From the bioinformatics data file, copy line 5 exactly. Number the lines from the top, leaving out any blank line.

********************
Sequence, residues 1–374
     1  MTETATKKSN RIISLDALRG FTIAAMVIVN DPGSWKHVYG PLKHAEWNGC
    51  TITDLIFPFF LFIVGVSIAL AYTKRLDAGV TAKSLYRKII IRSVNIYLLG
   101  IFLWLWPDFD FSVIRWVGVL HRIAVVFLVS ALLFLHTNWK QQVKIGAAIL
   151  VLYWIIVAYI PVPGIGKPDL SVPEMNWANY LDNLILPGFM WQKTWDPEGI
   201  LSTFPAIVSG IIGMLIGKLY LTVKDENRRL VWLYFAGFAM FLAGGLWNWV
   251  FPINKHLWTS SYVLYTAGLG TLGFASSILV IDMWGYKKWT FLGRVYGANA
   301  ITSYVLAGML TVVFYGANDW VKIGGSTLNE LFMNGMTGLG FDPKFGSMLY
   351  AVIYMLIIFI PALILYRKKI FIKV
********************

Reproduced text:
   151  VLYWIIVAYI PVPGIGKPDL SVPEMNWANY LDNLILPGFM WQKTWDPEGI